She was a pretty lady. Fair skin, black hair, a big smile and a switch no one could match. When she wasn’t press and curling my hair in her own beauty shop, she was doing work in the church. On any given Sunday (or night of the week), you could find her patrolling the Sunday School department upstairs in our church as superintendent, making sure classes were running smoothly–and checking to see if my friends and I were in sitting in our classes, instead of playing out in the hall. You could find her greeting visitors and members alike during “passing of the peace.” She loved people, and to her, no one was a stranger. They all loved her back.
She would make announcements about special things going on in the church. She was the only I knew that didn’t need, nor request a microphone to speak. Her posture, her voice, her confidence and her charisma made everyone listen to what she had to say. In a scrapbook made for her 80th birthday, I described it as the “It Factor.” She just had this thing about her, and I always hoped just a piece of “It” would trickle down to me.
She was very intentional. An authority figure to some. A mother to all. Though I never heard her say it, she definitely lived by the motto, “To be early is to be on time. To be on time is to be late. And to be late is unacceptable.” If I had to speak at church, she would throw me a smile and slowly nod her head up and down until I finished. I wasn’t sure if it was a nod of encouragement or approval, but I wanted both. I was proud to be her granddaughter, and I wanted her proud in return.
As a child, I didn’t stay with her for extended periods too often, but when I did, two things were for certain: (1) I would have to climb to get into her sky-high bed for my 8:30 bedtime and (2) She would be up at the crack of dawn. At 5 a.m., she already had breakfast ready. Uusally rice, egg and salmon or slightly burned bacon.
Once she retired from cosmetology, she moved one shampoo bowl and one hair dryer to her living room. Still, a few faithful customers would patronize, but when they weren’t there, I always wondered what she would do alone in that house for days on end. She wrote a lot—all kinds of things. Plays, speeches, letters to her children and even her own obituary. I suppose that’s who I get this writing thing from. She kept a written record of everything–family history, her sisters and brothers’ birth dates, telephone numbers, addresses, milestones, etc. She was the first one to tell me to keep an address book. When my cell phone shut down, I wished I’d listened to her.
When I moved back home, I would visit her often. As I lay on her sofa after work, she would tell me stories about sharecropping in “the country.” She, like so many others, was originally from Mississippi. It wasn’t until she met my grandfather, a quartet singer, while singing at a local concert, that she moved to Memphis. She would tell me about the Civil Rights Movement and even how her father, a biracial man, would pass for white when he went “up yonder to Chicago.” Then, when we thought she had Alzheimer’s Disease, I was always amazed at her longterm memory. My favorite story was about her first time using indoor plumbing toilet, instead of going into the outhouse. She’d seen times change so much.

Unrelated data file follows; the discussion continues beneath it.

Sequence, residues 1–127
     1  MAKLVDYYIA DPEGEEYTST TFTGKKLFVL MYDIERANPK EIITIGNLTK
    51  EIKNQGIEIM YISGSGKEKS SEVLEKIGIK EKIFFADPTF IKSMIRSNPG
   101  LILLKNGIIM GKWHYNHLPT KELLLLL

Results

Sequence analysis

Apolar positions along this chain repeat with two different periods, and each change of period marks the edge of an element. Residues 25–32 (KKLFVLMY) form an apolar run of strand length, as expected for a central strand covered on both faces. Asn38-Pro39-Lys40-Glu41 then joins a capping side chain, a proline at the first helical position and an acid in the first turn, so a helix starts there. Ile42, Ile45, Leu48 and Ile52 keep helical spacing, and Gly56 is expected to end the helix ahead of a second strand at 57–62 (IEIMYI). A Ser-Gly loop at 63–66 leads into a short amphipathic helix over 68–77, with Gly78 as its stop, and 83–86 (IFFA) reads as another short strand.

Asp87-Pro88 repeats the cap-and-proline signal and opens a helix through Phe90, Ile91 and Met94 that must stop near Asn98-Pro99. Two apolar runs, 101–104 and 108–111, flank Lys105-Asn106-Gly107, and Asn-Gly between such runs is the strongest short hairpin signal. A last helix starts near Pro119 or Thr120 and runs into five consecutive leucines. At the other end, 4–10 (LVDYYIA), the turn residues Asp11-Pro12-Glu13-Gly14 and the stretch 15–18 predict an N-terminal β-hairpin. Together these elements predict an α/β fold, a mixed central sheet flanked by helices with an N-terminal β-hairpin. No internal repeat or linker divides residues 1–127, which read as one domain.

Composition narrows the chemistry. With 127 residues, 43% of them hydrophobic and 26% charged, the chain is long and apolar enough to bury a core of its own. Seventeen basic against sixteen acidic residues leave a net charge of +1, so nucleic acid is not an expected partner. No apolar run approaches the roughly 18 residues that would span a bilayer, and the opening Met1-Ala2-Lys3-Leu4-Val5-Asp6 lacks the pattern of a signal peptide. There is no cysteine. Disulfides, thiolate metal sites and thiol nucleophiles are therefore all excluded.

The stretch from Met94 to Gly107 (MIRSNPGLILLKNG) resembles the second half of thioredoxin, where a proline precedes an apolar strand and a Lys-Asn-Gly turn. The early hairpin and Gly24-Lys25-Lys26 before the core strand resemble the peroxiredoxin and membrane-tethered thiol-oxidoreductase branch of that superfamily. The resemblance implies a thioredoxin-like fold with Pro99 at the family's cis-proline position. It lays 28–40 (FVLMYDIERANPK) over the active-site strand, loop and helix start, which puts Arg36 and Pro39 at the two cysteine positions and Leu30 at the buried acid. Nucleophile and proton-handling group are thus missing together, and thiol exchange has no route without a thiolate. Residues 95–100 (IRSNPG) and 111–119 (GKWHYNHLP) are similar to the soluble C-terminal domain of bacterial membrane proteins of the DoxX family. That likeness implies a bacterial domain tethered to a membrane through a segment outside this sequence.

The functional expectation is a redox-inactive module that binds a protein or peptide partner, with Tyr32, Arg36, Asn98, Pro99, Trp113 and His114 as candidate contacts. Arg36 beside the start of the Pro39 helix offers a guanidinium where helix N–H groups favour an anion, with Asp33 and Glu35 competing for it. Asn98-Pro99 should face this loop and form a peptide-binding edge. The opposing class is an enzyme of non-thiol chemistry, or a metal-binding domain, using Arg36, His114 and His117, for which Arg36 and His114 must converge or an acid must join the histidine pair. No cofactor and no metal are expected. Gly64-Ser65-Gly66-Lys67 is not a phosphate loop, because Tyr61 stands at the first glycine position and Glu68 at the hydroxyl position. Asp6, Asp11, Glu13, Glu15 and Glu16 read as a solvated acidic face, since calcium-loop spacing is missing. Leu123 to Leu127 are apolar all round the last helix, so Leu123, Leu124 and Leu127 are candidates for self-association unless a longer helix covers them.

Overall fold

A few years later, she went into a nursing home after a stroke. By the grace of God, she bounced back, maneuvering her wheelchair or walker. My mom would get her dolled up every Sunday for church and she would eat dinner with the family afterwards. She was always there for family gatherings just as she’d always been. That was a hard, but sweet time.
Visiting her almost daily wasn’t an obligation, but something I wanted to do. Eventually I learned that she only wanted two packages of the “pink stuff” (sweetner) in her iced tea, she wanted her dentures taken out, clothes laid out and a trip to the bathroom after dinner (in that order). She wanted her shoes directly in front of the night table and her television had to be on Channel 5 or TV One. We would even watch Martin, my favorite show, together. Above all, she needed a jacket with every outfit, because “this ol’ lady gets cold.” Though her independence had dwindled, she was still in control.
She began a love affair with Werther’s Original candies. So much so, that all of her children would keep bags of them on hand, just in case her stash was low. There were many other things she did and said that made her so very special. Her wit, her attitude, her strong will made her the woman she was.
On September 19, 2010, as I was holding her hand, Viva Adell Farr Wooten took her last breath. Only a week later, I’m wondering why I was there to feel her burning hot hands, see her eyes close for the final time. It’s something I’ll likely never forget, but I know I saw her spirit ascend into Heaven to be with God. That’s what gives me peace.
The funeral is over. Family and friends have gone, and I’m still crying. I would give anything to hear her refer to me as, “My chile,” call any of her sons, biological or not, “Boy” or any woman, child or adult, “Lil girl”. I would comb her hair one last time because she believed in looking her best or see her eyes to light up when I pulled a few pieces of candy out for her. I would sit with her in silence when it just wasn’t anything else to talk about.
I can’t do any of those things anymore, but I will hear that pretty lady in my heart for always. I loved her, and she loved me even more, just like she did all of her children, so there are no regrets. So as I try to figure out how to move on, yet keep her memory alive, I continue to be thankful to God for giving her to me–to us, the people she touched in so many different ways.
She is missed. She will be loved forever. She is “simply beautiful.”